SpartanAgoge60-Matt Photo Courtesy of Nelson Runaway Diaz

The last few miles were marched in silence and, with the help of many Spartans, we piggybacked Matt as needed with the Adaptive Athletes leading the way. After a pit stop for a refreshing river dunk, we marched the “final” mile back to Riverside where the graduation ceremony was set to commence.

We were met with applause and cheers from families and friends in attendance as well as several participants who rang out. This premature celebration was short-lived as Joe found someone whose medical exit seemed questionable to him and therefore rewarded our 60-hour efforts with disqualifications FOR ALL. However, a deal was struck where able-bodied teams had to run timed laps up and down Joe’s mountain while the adaptive teams ran timed laps through the woods around Riverside. It was chaos, it was confusing, but after 60 hours it was over.

SpartanAgoge60-Class002Graduates Photo Courtesy of Spartan Race

Several hundred registered, 139 showed up and, in the end, the Agoge 60 produced the 99 graduating Spartans of Class 002! Closing ceremony was officiated by US Marine Corps Retired Veteran, 40 years of service Massachusetts State Police hostage negotiator, Gilbert Bernard, who prompted each team to nominate 2 Spartans to receive the coveted Spartan Coin for being the most inspirational, the most motivational, and for being the reason why many were able to complete this feat. And when the dust settled, 3 adaptive athlete’s were counted among them! Congratulations Blind Pete, Earl, and Norbie!!!

While there may still be confusion on how to pronounce AGOGE, I defy you to prove that AGOGE stands for anything less than Adaptive Grit Overcomes Grim Expectations. Are you adapting?

FOOTNOTES:

  1. It is a very humbling experience when your character is on display in the harshest environment and it proves to be less glorious than you thought it was.
  2. The struggle doesn’t build character; the struggle reveals your character.
  3. If allowed, times of suffering can transform strangers into family in some instances and preserve family in others. Suffer well!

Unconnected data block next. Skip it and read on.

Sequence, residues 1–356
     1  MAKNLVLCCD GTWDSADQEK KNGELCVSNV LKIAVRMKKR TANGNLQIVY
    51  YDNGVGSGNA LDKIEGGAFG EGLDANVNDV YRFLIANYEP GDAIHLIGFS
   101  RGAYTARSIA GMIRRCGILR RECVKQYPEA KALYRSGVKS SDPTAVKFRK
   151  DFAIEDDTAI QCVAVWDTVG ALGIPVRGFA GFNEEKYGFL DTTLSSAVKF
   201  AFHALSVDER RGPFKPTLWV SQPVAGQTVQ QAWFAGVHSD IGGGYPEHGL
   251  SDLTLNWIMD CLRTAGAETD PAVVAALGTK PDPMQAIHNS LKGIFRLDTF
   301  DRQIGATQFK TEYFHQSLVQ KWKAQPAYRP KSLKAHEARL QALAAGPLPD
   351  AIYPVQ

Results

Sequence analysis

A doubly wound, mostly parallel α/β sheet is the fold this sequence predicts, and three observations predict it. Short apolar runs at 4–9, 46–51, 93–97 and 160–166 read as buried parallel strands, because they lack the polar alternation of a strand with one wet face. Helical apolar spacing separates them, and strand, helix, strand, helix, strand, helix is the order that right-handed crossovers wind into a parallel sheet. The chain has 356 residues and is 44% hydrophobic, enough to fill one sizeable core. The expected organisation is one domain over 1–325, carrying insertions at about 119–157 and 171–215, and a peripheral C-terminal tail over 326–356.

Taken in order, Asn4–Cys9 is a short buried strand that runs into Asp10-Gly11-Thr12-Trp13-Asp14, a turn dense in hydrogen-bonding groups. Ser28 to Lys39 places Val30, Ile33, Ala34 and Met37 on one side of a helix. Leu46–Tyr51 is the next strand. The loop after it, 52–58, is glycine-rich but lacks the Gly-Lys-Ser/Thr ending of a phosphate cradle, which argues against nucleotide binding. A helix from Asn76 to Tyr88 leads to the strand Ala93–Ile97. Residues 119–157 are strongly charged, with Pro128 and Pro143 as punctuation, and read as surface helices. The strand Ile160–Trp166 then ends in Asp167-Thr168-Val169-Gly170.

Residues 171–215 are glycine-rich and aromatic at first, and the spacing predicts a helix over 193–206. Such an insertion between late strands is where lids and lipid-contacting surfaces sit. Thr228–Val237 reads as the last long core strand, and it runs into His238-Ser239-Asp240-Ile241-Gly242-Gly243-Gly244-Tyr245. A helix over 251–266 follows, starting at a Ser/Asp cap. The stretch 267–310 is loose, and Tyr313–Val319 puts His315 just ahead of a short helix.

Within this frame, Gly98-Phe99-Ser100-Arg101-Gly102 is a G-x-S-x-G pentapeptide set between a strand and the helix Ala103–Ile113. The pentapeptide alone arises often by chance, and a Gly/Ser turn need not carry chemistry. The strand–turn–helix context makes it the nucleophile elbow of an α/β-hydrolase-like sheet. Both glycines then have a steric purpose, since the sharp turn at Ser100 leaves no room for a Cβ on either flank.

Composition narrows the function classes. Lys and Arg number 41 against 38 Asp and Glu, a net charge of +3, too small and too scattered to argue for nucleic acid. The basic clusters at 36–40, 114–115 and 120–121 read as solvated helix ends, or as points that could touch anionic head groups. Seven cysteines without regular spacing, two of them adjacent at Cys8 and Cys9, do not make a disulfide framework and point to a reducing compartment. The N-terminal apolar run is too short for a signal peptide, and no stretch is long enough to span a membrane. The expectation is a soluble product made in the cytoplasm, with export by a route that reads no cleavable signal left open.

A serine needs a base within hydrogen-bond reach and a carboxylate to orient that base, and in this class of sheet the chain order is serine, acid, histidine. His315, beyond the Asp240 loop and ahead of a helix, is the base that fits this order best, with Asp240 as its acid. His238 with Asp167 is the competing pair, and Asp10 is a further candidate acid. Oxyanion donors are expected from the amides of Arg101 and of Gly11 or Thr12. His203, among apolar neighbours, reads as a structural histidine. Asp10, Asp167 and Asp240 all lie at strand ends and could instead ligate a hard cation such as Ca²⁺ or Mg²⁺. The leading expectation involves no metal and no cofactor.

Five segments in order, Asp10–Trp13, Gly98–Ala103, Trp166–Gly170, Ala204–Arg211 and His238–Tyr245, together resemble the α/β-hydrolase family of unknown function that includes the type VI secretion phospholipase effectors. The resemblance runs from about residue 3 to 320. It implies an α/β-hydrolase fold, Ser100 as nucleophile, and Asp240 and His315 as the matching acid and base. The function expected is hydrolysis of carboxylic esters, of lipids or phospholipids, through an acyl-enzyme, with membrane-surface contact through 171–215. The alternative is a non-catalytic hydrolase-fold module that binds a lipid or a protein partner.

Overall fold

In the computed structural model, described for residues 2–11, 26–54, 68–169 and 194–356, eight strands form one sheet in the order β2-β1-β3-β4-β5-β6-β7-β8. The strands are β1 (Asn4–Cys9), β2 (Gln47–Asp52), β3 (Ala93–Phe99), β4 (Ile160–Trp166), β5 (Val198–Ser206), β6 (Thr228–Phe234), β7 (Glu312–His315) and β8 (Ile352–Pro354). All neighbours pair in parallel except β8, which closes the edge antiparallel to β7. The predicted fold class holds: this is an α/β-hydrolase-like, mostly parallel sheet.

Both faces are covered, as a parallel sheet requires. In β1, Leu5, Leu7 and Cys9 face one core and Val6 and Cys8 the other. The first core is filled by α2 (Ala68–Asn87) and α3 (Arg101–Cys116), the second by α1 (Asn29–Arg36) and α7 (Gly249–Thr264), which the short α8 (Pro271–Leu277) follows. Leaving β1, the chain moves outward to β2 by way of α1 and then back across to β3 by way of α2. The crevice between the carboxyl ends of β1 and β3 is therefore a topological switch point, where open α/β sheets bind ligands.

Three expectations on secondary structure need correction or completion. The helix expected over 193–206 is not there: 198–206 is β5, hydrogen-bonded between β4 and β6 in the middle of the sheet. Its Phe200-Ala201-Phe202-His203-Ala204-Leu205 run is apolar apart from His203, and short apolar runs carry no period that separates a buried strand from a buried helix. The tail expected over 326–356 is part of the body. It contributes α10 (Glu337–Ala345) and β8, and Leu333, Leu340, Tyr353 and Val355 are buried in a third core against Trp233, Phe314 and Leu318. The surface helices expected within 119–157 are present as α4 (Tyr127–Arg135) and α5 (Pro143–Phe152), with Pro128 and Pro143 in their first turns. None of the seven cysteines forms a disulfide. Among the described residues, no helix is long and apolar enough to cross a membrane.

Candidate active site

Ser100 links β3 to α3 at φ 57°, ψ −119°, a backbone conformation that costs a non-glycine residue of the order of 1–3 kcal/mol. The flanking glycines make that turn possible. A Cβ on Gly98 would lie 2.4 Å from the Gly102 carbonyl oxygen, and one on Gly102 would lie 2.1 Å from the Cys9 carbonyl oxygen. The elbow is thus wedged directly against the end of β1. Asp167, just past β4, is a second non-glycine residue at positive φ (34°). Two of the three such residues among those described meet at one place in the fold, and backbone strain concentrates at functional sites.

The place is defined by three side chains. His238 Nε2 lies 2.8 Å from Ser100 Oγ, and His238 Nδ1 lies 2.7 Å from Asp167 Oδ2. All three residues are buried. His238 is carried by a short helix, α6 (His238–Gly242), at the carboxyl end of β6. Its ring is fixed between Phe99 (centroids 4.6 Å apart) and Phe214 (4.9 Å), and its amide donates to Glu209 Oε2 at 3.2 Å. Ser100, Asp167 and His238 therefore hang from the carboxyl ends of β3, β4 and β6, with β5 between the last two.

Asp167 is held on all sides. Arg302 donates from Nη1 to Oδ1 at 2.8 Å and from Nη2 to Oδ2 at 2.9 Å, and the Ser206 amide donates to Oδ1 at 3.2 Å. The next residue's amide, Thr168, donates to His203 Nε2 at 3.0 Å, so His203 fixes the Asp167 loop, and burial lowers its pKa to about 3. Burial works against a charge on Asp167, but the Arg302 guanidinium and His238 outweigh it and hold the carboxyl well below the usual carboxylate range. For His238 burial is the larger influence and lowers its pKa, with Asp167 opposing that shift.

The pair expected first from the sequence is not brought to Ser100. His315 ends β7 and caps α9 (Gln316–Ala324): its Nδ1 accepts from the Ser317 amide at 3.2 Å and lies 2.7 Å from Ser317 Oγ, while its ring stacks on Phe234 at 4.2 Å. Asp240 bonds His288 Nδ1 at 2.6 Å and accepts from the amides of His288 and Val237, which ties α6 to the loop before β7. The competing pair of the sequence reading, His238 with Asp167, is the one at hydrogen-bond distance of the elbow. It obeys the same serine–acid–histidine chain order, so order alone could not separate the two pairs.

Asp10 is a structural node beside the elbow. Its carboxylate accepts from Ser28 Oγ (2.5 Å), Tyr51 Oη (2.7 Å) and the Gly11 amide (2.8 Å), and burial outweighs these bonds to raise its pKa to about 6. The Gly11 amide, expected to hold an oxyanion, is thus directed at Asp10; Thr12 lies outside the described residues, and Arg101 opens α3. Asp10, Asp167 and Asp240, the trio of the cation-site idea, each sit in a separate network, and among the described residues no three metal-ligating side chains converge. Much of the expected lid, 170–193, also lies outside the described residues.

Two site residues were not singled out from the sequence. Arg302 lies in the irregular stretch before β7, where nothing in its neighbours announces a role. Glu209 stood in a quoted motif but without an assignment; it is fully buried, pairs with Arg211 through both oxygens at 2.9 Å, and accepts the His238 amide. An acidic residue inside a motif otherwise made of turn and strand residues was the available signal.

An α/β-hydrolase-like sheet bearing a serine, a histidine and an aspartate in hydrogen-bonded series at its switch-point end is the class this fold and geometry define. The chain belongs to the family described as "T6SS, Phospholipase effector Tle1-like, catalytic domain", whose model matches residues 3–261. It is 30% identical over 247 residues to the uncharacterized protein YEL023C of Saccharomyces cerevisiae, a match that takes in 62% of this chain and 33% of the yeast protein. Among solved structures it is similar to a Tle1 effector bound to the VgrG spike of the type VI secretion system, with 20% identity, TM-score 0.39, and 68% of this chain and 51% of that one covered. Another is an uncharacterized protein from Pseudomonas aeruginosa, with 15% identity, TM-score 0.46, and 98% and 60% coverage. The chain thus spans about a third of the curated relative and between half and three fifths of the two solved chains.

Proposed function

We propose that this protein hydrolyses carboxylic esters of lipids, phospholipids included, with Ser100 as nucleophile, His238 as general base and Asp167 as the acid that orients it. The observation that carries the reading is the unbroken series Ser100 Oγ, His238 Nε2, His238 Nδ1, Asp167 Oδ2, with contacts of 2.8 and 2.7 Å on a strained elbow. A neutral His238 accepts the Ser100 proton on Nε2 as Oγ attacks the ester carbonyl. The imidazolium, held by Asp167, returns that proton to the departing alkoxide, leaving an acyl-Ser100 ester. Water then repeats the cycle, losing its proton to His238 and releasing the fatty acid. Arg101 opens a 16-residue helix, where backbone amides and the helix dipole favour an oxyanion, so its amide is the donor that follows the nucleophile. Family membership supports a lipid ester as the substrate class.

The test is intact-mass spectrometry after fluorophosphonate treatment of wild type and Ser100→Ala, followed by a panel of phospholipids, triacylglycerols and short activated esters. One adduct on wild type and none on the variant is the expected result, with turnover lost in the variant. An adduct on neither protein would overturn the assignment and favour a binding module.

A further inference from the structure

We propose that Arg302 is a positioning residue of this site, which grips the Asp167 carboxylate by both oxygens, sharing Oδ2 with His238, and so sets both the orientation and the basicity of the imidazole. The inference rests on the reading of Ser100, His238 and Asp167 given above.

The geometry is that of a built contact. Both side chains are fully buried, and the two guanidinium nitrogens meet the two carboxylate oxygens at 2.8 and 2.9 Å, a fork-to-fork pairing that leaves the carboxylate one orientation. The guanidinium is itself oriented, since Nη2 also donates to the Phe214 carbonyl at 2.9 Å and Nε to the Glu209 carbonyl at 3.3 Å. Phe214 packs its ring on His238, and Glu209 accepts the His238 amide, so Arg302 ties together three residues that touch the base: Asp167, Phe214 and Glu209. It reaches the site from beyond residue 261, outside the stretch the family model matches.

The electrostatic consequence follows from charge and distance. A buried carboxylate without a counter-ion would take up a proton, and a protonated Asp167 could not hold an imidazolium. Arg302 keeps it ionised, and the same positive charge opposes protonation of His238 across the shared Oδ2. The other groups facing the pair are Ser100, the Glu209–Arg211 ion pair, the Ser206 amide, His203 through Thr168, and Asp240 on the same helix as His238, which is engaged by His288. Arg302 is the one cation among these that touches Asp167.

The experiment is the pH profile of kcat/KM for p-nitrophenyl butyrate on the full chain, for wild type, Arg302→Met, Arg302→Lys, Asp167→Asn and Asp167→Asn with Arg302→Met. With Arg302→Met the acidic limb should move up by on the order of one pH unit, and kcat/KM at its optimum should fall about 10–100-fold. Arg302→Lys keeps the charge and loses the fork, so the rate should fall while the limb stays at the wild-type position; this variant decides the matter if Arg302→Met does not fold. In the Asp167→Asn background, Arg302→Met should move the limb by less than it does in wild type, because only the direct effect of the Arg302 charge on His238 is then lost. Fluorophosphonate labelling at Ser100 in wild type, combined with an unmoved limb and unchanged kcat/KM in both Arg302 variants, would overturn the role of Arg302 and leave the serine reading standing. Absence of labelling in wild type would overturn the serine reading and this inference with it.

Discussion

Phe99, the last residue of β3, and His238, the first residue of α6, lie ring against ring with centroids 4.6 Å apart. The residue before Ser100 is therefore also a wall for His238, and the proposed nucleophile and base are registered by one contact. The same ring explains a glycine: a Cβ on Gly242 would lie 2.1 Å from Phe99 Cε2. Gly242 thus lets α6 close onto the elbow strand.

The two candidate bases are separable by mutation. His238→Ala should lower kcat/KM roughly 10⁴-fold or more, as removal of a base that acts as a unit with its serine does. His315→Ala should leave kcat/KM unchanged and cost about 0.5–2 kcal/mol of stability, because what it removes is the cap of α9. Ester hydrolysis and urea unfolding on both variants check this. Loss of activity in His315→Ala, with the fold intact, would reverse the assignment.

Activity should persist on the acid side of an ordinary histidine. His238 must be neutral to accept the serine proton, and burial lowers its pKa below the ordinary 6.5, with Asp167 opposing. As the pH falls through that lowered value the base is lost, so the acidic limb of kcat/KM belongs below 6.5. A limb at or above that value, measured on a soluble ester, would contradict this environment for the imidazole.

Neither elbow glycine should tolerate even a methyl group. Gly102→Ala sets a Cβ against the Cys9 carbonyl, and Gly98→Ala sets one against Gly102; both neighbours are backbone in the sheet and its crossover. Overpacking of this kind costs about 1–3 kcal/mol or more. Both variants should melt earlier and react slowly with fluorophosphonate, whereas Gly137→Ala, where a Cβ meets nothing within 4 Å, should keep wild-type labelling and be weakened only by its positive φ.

The final GORUCK NOGOA (No One Gets Out Alive): NOGOA West

The Final GORUCK NOGOA: NOGOA WEST

From the eyes of a relatively new OCR/Endurance Event Junkie

“Team Leader, explain your plan!”. I was probably visibly frazzled to everyone, trying to rationalize my Gold and Black EXFIL (exfiltration or escape) plans that I had just hurriedly created in a few minutes with compass, military protractor, and a USGS area map of Warner Springs, CA. This was mere hours after a short but informative class on land navigation, led by a U.S. Army Green Beret. I thought he was aware that I was the Assistant Team Leader and that I was just trying to get our navigational plans in place for my Team Leader. I am a U.S. Navy Submarine veteran, and though confident with charts and plotting, I had never done land navigation. I paid attention during our course and thought I could best serve my team by helping with some navigation. I wanted to step up, but not too much. I attempted to correct our Cadre about my role, but that did not work out the way I thought it would.

This was a major GORUCK (GR) event, and the last of the NOGOA (No One Gets Out Alive) events, a “Custom Heavy” that two people, Scott Roberts and Mike Grobelch, poured a ton of time and energy into making a reality. People had flown in from all over the country to participate in this 24-hour plus Endurance Event. I was the “greenest” of the 40 GRT’s (GR Tough Athletes) that were in attendance and was reluctant to lead any of them during the event. As a TL (Team leader), the fear of messing something up and getting my team smoked (physical training, or PT, at a high level) is a real thing. So much for that, I was now the Team Leader, and the Cadre  “did not love but accepted” my EXFIL plan. Then it began. Damn near immediately. Headlights hit our campsite, people started yelling, shots started firing, and my team of 39 seasoned GRT’s and myself started hauling ass on azimuth 300 for “one click” while taking incoming fire. Welcome to NOGOA West!